Landmark Law Bans 53 Pesticides in El Salvador
On Thursday, September 5, the National Assembly of El Salvador banned the use of 53 agrochemicals in El Salvador.
Earlier this morning, the Permanent Coordinating Body of the Lower Lempa (MESPABAL) and the Movement for the Defense of Life and Natural Resources (el Movimiento for short) convened a press conference, featuring three municipalities (Jiquilisco, Tecoluca, and Zacatecoluca) and multiple community organizations including the Mangrove Association, the local watershed coalition (ECADERT), CORDES, and EcoViva. They met at the University of El Salvador to share their support for the national ban. The mayor’s office of Jiquilisco and el Movimiento have approved local ordinances that restrict pesticide use. They are leading the way in pesticide regulation, providing a model to be followed by the rest of the coastal zone which the new national legislation enables.The article translated below originally appeared in Diario Co Latino in Spanish.
Representative Explains the Decree that Bans Agrochemicals to the Population
By Oscar López
Recently, the National Assembly of El Salvador approved a decree that prohibits the sale of 53 agrochemicals used in the crops [in El Salvador]. The decree aims to lower the number of fatalities from the unregulated sale and use of the pesticides.
During the usual “Legislative Tribunal”, the Representative from the FMLN, Estela Hernández, member of the Environmental Commission, explained to the crowd that the decree prohibits the import of 53 agrochemicals that have been used for many years for different agriculture activities in the country.
“Many of these products have been found in the people who are suffering from kidney failure. For us it is important that we use this law to lower the presence of these toxic chemicals that have been used for decades in our country,” affirmed Hernández.
The Representative explained that the goal is to expel 100% of these products from the market over the next two years, during which time alternatives to these products will be investigated.
During the discussion for the approval of the decree, representatives from the right expressed that these products are necessary to combat coffee blight and other pests that gravely affect crops. Similarly, the right affirmed that prohibiting these products will affect the small farmers the most, an argument that the Representative explained to be false.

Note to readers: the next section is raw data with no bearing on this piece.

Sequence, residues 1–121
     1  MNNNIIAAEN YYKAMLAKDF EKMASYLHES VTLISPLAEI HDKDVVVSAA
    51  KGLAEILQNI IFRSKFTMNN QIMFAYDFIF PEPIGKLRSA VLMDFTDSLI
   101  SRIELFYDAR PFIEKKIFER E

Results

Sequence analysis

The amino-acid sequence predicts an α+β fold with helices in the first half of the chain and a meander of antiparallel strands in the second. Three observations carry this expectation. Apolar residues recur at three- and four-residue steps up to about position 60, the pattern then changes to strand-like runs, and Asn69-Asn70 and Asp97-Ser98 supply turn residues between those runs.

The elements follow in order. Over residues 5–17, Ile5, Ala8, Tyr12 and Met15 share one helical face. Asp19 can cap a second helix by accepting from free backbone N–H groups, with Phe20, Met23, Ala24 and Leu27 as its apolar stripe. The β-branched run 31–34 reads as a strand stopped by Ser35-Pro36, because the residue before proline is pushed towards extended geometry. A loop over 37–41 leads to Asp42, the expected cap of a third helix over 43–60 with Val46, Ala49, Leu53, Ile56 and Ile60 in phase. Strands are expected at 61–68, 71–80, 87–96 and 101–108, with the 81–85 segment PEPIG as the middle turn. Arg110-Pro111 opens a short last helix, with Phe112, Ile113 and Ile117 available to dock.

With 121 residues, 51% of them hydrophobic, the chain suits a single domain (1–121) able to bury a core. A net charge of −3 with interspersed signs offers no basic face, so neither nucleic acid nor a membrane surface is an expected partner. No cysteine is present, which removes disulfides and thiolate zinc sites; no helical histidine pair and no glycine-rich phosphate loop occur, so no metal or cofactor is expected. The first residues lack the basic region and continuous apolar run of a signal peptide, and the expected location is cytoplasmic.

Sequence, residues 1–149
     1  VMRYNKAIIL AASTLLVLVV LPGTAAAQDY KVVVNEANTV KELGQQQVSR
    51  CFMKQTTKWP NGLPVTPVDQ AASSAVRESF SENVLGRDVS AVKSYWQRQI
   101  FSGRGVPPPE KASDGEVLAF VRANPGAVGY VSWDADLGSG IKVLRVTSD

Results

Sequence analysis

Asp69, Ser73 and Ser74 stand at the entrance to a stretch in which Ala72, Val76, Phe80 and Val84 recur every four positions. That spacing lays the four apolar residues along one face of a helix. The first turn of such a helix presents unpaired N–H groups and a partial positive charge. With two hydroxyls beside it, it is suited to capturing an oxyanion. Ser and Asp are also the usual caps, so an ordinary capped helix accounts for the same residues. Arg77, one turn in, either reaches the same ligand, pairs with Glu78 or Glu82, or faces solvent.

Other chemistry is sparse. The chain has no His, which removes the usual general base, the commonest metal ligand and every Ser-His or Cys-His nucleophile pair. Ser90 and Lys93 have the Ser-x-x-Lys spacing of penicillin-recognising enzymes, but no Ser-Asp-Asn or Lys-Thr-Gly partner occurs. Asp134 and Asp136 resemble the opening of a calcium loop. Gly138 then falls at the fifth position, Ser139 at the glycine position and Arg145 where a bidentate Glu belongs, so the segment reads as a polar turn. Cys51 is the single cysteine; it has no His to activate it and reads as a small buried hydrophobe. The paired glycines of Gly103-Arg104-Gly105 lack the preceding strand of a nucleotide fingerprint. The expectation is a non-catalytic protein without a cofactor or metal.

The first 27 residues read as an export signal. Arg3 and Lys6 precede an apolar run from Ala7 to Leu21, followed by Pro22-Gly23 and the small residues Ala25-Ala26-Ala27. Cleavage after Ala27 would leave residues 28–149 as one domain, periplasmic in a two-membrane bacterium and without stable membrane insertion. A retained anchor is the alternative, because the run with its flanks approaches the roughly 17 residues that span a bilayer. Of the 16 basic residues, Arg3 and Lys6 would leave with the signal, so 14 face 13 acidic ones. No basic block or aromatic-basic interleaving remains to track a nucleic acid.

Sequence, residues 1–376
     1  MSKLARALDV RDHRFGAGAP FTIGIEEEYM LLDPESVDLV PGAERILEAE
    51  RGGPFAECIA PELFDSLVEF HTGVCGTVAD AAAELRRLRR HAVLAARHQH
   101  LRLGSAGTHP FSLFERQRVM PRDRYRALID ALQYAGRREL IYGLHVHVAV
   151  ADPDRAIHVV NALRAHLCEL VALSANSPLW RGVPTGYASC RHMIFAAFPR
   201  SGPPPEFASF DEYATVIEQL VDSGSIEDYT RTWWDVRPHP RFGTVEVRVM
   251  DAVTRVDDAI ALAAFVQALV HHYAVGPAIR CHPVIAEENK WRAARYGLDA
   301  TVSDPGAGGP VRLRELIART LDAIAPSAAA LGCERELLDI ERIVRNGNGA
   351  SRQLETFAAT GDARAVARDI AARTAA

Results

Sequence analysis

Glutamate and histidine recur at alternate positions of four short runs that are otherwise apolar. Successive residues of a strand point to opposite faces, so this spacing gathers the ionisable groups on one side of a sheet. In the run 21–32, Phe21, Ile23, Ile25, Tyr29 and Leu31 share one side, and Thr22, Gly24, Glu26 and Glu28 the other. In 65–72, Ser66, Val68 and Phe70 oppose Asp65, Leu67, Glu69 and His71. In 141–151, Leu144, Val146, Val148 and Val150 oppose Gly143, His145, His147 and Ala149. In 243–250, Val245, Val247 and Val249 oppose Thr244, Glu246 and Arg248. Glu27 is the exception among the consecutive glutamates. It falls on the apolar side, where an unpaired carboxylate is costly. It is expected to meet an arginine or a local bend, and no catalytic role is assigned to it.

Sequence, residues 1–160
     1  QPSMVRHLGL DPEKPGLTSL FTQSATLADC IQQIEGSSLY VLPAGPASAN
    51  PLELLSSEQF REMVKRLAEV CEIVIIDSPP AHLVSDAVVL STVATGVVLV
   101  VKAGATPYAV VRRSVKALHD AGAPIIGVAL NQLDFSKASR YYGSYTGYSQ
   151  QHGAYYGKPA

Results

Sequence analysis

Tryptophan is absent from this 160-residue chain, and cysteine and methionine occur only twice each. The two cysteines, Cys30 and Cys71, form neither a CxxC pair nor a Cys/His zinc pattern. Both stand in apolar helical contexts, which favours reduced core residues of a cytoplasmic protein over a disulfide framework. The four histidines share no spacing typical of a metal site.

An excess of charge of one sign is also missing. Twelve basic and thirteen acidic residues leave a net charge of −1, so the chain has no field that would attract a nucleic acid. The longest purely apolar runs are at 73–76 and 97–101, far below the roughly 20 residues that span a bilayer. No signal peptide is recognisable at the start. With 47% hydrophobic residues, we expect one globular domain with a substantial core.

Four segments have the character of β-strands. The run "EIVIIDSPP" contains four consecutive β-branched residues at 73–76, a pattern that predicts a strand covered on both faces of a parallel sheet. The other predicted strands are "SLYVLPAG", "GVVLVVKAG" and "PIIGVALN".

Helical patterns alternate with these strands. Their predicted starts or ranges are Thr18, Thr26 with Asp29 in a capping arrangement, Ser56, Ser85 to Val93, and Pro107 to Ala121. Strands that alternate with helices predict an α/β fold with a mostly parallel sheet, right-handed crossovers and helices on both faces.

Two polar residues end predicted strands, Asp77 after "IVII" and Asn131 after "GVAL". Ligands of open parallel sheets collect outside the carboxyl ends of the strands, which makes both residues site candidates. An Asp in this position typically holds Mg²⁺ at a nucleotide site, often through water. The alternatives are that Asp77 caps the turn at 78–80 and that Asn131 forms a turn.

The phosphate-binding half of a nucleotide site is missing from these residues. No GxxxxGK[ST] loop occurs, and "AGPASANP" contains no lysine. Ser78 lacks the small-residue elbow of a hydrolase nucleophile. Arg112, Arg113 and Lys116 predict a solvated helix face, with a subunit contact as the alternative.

“That is a contradiction because the farmers are the group that will benefit the most. They are the first group that is exposed [to the pesticides] and they risk their lives using these products without any protection, without any information,” assured Hernández.
Similarly, the Representative explained that the importers of pesticides and fertilizers “should ensure that the product contains a manual or instructions in Spanish.” The distributors should explain to the farmers the correct usage of the products and the methods of protection that should be used.
The Representative considers that the people most affected by the ban are the business people that dedicate themselves to importing these chemicals, “[the businesses] that have been profiting without care for the affect generated on the whole country,” she argued. In the same way, the Representative from the FMLN explained that one of the objectives of the decree is to make a gradual transition away from these highly toxic chemicals to less harmful products, primarily for the farmer.
Other aspects driving the approval of the decree is guaranteeing that the population consumes products that do not contain such strong contaminants.
Among these products whose import has been prohibited are Paraquat, methamidophos, Latigo, Aldicarb, DDT. Ethyl Paraton, Toxaphene, Sodium Fluoroacetate, and many others.